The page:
How 9 upgrades from the tech world are changing lives in the real world.
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Microsoft Windows 10 - Upgrade Your World

Technology is always evolving to make tomorrow better than yesterday.

Businesses are able to run more smoothly, we can connect with people faster — even something as simple as ordering takeout has become, well, simpler.

But what we don't always see is the greater purpose the tech world's incredible advancements are serving. Technology can do great things to make the world a better place.


With it, education has become more accessible, social media has given a voice to the voiceless — even treating a patient halfway across the world has become possible.

Nonprofits have harnessed the power and potential of technology to create more good in the world as well. They are optimizing their operations, amplifying their voices, and expanding their critical programs and services to upgrade their communities and the world.

Here are nine awesome ways nonprofits are using technology to everyone's advantage.

1. Improving the health of mothers and newborns in India with do-it-all phones and real-time data.

Health care workers in Bihar, India, used to have to carry up to 38 backbreaking ledgers from home to home just to keep record of their patients' progress. But with help from CARE, the workers can now conduct checkups just by using an app on their phones.

Image via Windows/YouTube.

They can schedule visits and register and record real-time health information for mothers, pregnant women, and newborns, giving health care workers a quicker picture of what their patients' needs are and how they can improve their condition without missing a beat.

2. Mapping underwater habitats to create a more sustainable ocean ecosystem.

The Nature Conservancy's Mapping Ocean Wealth initiative is creating an exciting new way to study and map marine life.

Image via The Nature Conservancy, used with permission.

Researchers are creating detailed maps to better understand the value of ocean ecosystems and how they ultimately affect the livelihood of surrounding communities. The mapping provides people with more accurate information on how to maximize the ocean habitats and better sustain their ecosystems.

3. Breaking barriers and promoting inclusion for all of the world's athletes.

Special Olympics is stepping up their game by providing their athletes with tech to help them track performance, train smarter, and compete harder. On top of that, they can share their achievements online and connect with other athletes.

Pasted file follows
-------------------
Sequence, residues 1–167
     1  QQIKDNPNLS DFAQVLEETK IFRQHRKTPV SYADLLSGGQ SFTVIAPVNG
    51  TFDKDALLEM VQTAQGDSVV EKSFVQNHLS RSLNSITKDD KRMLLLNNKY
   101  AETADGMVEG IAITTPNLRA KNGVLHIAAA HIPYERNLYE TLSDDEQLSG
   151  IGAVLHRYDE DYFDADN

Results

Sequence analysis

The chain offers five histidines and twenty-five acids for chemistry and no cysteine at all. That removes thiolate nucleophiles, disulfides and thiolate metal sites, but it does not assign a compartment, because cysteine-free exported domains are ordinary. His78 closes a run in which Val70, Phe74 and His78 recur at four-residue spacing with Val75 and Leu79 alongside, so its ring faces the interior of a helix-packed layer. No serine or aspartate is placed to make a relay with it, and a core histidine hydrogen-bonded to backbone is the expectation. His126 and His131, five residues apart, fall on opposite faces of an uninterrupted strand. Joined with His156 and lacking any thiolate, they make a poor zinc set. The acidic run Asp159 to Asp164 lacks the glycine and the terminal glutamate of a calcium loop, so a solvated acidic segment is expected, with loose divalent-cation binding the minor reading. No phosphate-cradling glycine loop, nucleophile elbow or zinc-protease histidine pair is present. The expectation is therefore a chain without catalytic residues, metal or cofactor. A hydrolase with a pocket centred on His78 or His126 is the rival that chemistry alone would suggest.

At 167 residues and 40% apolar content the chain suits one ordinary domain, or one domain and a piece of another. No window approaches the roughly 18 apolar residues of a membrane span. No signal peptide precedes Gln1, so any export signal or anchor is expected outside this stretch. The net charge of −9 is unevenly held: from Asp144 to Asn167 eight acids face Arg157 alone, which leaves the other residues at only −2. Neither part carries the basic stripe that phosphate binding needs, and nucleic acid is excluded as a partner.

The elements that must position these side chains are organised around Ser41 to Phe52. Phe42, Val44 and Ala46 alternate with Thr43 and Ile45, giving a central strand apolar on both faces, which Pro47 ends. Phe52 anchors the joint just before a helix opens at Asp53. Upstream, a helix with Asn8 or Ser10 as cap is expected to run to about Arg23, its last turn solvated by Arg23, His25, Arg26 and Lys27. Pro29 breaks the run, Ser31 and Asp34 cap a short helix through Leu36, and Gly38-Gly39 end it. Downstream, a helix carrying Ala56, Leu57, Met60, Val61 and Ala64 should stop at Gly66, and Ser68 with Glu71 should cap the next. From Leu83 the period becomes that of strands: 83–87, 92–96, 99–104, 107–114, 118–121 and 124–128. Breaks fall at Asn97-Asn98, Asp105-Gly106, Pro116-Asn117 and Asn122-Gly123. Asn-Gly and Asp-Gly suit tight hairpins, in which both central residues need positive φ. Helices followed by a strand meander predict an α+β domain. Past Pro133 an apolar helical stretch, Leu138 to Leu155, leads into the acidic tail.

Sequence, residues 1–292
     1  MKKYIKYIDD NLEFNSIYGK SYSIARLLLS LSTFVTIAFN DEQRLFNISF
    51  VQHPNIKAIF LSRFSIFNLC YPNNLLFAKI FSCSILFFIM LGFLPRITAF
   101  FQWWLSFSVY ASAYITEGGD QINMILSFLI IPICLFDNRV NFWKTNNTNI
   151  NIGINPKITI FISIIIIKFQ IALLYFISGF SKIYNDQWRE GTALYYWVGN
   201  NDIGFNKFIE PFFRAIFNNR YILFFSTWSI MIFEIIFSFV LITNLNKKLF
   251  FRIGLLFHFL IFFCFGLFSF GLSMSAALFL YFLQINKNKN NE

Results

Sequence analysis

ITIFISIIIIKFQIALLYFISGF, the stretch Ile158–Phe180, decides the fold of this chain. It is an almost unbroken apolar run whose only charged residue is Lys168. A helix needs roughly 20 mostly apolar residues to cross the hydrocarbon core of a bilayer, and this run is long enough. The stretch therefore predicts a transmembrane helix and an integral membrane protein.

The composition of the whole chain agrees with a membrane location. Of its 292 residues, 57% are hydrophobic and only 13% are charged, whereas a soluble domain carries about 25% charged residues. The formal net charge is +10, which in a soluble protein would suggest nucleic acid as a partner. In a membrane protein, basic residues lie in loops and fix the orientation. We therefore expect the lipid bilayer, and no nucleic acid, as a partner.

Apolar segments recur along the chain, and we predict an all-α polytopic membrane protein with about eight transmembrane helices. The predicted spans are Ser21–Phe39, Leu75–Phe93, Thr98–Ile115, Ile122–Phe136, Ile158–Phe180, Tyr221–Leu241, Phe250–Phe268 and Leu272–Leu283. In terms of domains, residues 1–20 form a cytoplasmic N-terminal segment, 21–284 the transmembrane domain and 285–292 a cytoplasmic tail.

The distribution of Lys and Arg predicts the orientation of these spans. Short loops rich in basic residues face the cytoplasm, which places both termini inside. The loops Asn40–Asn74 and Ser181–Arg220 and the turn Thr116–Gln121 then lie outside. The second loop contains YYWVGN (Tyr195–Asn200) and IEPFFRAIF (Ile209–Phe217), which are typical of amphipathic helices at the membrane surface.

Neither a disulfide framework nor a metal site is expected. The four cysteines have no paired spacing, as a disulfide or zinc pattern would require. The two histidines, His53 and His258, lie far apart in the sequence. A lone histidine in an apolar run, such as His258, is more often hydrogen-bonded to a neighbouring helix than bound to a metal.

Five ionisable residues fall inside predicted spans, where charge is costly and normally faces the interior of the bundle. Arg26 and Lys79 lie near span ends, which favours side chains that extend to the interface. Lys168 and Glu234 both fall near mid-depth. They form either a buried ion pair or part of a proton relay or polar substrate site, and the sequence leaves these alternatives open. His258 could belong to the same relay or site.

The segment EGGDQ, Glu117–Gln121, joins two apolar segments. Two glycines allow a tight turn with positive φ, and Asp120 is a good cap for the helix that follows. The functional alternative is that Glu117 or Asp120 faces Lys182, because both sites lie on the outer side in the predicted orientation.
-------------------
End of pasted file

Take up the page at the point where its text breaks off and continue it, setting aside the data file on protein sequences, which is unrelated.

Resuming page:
Image via Windows/YouTube.

In addition, they are using technology to bring athletes with and without disabilities together through Play Unified — a series of events across the country sponsored by Special Olympics. Through the beauty of sport, they're working — and playing — together to promote inclusion and combat the intolerance many individuals with disabilities face.

4. Building better school systems and improving childhood literacy in remote areas.

250 million children around the world lack basic reading and writing skills. Thankfully, Pencils of Promise has made it a mission to lower that number by building schools, providing quality educational programming, and supporting teachers in remote communities.

Image via Windows/YouTube.

Even better, they digitally track and measure the progress of each student, making it easier to see the effects of their lesson plans and adjust them to be more effective. Now with 363 schools around the world, Pencils of Promise continues to make progress toward its goal of providing access to quality education for all children.

5. Providing support groups for and connecting young people living with HIV.

The stigma surrounding HIV can be incredibly difficult to deal with for a young person. But Keep a Child Alive has found that technology can play a simple but extremely effective role in changing their outlook.

Image via Windows.

Using Skype, young people are able to share their experiences, challenges, hopes, and dreams with others just like them. Whether across town or across the African continent, they're creating a community of empowerment focused on fighting the impact of HIV on their families, friends, and communities.

6. Creating a global community of difference-makers and coordinating their efforts online.

Global Citizen's plan is straightforward: End extreme poverty, fight inequality, and fix climate change by 2030. Yes, it's bold, but they believe it can be done with the help of technology.

Image via Global Citizen/YouTube.

Global Citizen provides an online platform for people to connect with others, spread the message to world leaders, and fight for change. But they're also making it incredibly fun. Through gamification and the wildly successful Global Citizen Festival, doing great things has never been so engaging.

7. Creating more effective and meaningful connections between children and their sponsors.

Save the Children provides an early start to education for children living in poverty. And with technology's help, they can speed up the learning process significantly.

Image via Windows.

Connecting each sponsor with the children they're supporting is a key part of what keeps Save the Children's programs going, but it typically requires a lot of data transfer between offices that can take up to three weeks. With a more efficient online system in place, however, data can be accessed in real time, resulting in accelerated and improved interactions between sponsors and the children they're supporting.

8. Generating the largest educational event in the history of the world.